Thursday, November 23, 2017
Opinion

'Your dress is too tight' and other things real friends say

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There are three things only your real friends can do: Tell you when your clothes don't fit, tell you when you're acting ridiculous and help you celebrate a huge achievement.

Strangers can tell you if you have spinach in your teeth. Somebody you've never met before can help you grieve. It's easier to offer an incidental observation or sincere sympathy than it is, for example, to offer authentic, enthusiastic admiration.

But only someone who's known and loved you for a long time can cheer you on and mean it when you receive a significant promotion, drop three dress sizes or win big money on Are You Smarter Than a 5th Grader?

A stranger can indicate that you've got something in the corner of your eye through the universally recognized action of desperately rubbing the corner of her own eye until you, chimpanzee-like, mimic her action only to discover that you now have a flake of mascara the size of a tea bag smeared across the top of your cheekbone like an NFL running back.

But only a real pal can tell you that your new iridescent eye shadow makes you look not like Halle Berry but like Tim Curry in The Rocky Horror Picture Show, only less subtle.

It's not easy to be a friend.

Oh sure, you can hit the "accept" button on a social media site and pretend to be popular, but does that really mean you'd be able to identify the person you just "friended" in a lineup? If you could, would you offer to make that person's bail? A real friend offers bail.

Would you recognize his or her voice over the phone? Even more important, if you saw on your caller ID that it was this person phoning you, would you pick up or let it go directly to voice mail? Real friends pick up and don't pretend not to know who it is.

Real friends say, "Oh, thank God it's you," and then admit who it is they are glad not to hear from ("The only time she ever calls is when she needs bail").

I know people claiming to have 1,236 friends who haven't had an actual conversation with a living adult in eight years. You know the kind I mean: the ones having five-second phone calls while texting, while waving to somebody while gesturing to you to "hold on, just one sec." You, meanwhile, are attempting to back away as quickly as possible from this carnival of self-aggrandizement. Sometimes they'll step on the cuff of your pants to keep you in place.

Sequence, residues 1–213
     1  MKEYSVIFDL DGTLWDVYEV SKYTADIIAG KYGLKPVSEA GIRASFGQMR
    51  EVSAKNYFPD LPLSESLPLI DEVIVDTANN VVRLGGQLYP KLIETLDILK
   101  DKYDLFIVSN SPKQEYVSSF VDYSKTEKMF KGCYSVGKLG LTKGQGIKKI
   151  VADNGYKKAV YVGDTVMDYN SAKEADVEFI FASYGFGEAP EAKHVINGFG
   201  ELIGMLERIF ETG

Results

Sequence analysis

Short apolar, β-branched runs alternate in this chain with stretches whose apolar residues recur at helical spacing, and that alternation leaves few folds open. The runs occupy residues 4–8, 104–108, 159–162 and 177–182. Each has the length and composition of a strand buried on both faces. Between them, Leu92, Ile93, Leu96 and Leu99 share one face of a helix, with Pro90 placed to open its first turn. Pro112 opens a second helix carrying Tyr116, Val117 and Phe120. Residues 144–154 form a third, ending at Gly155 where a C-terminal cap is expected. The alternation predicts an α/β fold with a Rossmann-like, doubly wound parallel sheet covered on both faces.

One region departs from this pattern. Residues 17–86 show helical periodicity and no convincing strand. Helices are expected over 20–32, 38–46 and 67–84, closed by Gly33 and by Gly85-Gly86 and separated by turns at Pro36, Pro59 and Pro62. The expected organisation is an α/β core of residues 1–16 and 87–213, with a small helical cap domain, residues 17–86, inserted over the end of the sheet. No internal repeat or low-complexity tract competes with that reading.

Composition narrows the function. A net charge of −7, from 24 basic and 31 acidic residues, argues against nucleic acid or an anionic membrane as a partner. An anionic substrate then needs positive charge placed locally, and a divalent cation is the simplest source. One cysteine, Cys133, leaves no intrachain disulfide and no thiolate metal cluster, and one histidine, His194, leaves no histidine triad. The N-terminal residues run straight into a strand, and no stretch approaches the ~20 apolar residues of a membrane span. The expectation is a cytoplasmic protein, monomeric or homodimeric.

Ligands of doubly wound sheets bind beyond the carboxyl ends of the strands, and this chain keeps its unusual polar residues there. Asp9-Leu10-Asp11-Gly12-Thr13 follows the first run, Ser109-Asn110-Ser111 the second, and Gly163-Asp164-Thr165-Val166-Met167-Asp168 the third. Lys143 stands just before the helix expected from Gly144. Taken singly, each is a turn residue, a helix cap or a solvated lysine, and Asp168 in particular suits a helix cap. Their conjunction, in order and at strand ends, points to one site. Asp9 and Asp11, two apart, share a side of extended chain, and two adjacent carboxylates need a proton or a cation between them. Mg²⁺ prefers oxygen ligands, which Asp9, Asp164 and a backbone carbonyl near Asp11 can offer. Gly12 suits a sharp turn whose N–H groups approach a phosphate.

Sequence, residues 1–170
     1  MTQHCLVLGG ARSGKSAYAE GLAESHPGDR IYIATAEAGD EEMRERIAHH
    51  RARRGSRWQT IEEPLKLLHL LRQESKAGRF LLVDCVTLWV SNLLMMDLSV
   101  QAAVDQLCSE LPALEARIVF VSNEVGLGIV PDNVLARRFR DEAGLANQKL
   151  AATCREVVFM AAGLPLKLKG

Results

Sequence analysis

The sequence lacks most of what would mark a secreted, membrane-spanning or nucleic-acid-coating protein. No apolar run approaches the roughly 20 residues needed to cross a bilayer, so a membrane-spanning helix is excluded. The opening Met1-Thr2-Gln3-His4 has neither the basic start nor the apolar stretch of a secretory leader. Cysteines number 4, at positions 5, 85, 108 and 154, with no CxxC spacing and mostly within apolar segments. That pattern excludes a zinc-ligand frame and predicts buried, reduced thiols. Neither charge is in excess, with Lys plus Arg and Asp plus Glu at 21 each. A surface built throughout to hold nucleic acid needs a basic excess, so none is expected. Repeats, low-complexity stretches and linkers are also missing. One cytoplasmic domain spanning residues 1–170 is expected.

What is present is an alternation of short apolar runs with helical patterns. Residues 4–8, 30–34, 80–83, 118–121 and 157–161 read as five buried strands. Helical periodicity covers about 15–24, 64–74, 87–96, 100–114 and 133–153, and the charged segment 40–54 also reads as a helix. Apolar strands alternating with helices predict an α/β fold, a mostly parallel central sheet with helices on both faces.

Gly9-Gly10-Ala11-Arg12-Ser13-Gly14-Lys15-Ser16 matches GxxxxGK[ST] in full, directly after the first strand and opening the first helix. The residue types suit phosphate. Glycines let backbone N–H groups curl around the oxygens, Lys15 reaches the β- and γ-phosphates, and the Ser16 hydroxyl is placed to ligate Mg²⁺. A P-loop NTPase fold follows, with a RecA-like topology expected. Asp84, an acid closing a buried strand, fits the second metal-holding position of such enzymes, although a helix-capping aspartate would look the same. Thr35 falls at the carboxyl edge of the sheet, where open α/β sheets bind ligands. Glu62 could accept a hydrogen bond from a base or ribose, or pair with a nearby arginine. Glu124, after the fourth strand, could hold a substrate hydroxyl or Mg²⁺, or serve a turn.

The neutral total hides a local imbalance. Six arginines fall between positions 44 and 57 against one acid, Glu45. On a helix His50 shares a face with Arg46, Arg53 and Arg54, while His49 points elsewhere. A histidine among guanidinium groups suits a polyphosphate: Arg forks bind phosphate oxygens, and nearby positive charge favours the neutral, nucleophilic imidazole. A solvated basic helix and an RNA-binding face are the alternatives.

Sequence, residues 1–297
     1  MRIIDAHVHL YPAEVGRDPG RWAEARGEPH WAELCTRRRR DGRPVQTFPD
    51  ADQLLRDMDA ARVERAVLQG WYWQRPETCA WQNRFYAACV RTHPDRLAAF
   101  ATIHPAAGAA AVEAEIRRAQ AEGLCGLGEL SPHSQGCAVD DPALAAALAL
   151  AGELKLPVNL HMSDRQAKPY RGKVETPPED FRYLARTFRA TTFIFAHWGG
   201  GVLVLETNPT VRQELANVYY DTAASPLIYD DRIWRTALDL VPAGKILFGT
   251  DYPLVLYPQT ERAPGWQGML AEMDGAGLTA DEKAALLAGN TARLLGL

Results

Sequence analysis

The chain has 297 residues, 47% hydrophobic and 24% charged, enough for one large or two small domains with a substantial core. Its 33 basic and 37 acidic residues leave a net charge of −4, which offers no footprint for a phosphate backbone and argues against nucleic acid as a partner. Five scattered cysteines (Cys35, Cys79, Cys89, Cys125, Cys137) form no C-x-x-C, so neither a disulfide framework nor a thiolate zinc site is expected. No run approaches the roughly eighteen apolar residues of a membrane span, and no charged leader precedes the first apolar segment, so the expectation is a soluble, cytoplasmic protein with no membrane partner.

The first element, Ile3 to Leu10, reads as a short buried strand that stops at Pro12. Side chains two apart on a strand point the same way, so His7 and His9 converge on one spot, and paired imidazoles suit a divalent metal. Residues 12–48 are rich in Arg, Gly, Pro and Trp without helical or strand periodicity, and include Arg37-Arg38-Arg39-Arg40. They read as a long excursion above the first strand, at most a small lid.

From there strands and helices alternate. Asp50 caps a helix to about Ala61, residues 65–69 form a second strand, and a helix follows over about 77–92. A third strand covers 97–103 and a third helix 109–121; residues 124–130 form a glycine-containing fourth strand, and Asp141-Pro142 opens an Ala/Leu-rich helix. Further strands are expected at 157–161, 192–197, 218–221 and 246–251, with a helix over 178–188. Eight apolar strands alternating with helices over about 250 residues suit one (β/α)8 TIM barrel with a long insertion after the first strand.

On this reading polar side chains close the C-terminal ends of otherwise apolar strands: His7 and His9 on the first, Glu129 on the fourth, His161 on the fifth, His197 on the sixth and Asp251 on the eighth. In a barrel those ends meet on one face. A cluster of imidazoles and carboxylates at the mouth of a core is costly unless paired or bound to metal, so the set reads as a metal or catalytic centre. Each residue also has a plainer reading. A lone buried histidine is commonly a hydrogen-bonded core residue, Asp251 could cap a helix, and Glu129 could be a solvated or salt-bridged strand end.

But what's really scary is when these people are pushing strollers. There's some little tyke in there wearing a fabulous costume, which would be great except the kid hasn't had to focus on a human face since the last time a family photograph was taken. Nobody speaks to him directly; his parents are always on the phone. They won't make eye contact with their offspring until they're all in court being asked to stand beside him when the judge says, "Will the defendant please rise?"

Look: Even your dog knows when you're not paying proper attention — making eye contact and friendly conversation ("Lulu, girl, check out that sparrow! That sparrow must weigh 45 pounds, huh, Lulu? How can something like that get liftoff?) Notice how the dog looks back, shaking her head as if to say, "Yeah, that sparrow's built like a Buick." You've just had a little moment of interspecies connection.

As I always say, Lorelei Lee got it wrong in Gentlemen Prefer Blondes: It's not that diamonds are a girl's best friend, but it's your best friends who are your diamonds. It's your best friends who are supremely resilient, made under pressure and of astonishing value. They're everlasting; they can cut glass if they need to.

And just as there's no such thing as a fake diamond — it's either real or it isn't — there's no such thing as a fake friend. Fake ones fall off when you get into hot water.

Hold your friends close. Talk to them, in person if possible, and cheer them on. Real friends are a better — and kinder — reflection of you than any mirror.

Gina Barreca is an English professor at the University of Connecticut and a feminist scholar who has written eight books. © 2012 Hartford Courant

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